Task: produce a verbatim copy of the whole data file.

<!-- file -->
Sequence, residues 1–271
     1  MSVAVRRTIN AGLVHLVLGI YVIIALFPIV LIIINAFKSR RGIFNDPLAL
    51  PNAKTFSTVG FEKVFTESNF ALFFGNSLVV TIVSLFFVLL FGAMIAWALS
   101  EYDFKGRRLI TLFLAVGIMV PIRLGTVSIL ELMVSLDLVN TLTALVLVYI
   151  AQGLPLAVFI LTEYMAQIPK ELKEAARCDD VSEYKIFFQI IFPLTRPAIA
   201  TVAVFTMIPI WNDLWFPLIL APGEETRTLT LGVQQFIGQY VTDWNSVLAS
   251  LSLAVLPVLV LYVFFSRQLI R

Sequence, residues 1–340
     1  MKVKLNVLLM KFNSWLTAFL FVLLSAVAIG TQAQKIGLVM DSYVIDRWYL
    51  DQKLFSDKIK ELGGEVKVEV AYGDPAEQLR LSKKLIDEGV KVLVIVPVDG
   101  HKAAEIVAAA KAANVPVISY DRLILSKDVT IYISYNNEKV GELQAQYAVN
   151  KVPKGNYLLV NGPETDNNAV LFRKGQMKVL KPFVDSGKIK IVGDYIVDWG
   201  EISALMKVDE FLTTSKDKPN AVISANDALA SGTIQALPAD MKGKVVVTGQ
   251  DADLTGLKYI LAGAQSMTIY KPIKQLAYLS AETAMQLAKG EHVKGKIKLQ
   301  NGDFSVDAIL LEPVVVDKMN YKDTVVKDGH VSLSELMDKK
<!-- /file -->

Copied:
Sequence, residues 1–271
     1  MSVAVRRTIN AGLVHLVLGI YVIIALFPIV LIIINAFKSR RGIFNDPLAL
    51  PNAKTFSTVG FEKVFTESNF ALFFGNSLVV TIVSLFFVLL FGAMIAWALS
   101  EYDFKGRRLI TLFLAVGIMV PIRLGTVSIL ELMVSLDLVN TLTALVLVYI
   151  AQGLPLAVFI LTEYMAQIPK ELKEAARCDD VSEYKIFFQI IFPLTRPAIA
   201  TVAVFTMIPI WNDLWFPLIL APGEETRTLT LGVQQFIGQY VTDWNSVLAS
   251  LSLAVLPVLV LYVFFSRQLI R

Sequence, residues 1–340
     1  MKVKLNVLLM KFNSWLTAFL FVLLSAVAIG TQAQKIGLVM DSYVIDRWYL
    51  DQKLFSDKIK ELGGEVKVEV AYGDPAEQLR LSKKLIDEGV KVLVIVPVDG
   101  HKAAEIVAAA KAANVPVISY DRLILSKDVT IYISYNNEKV GELQAQYAVN
   151  KVPKGNYLLV NGPETDNNAV LFRKGQMKVL KPFVDSGKIK IVGDYIVDWG
   201  EISALMKVDE FLTTSKDKPN AVISANDALA SGTIQALPAD MKGKVVVTGQ
   251  DADLTGLKYI LAGAQSMTIY KPIKQLAYLS AETAMQLAKG EHVKGKIKLQ
   301  NGDFSVDAIL LEPVVVDKMN YKDTVVKDGH VSLSELMDKK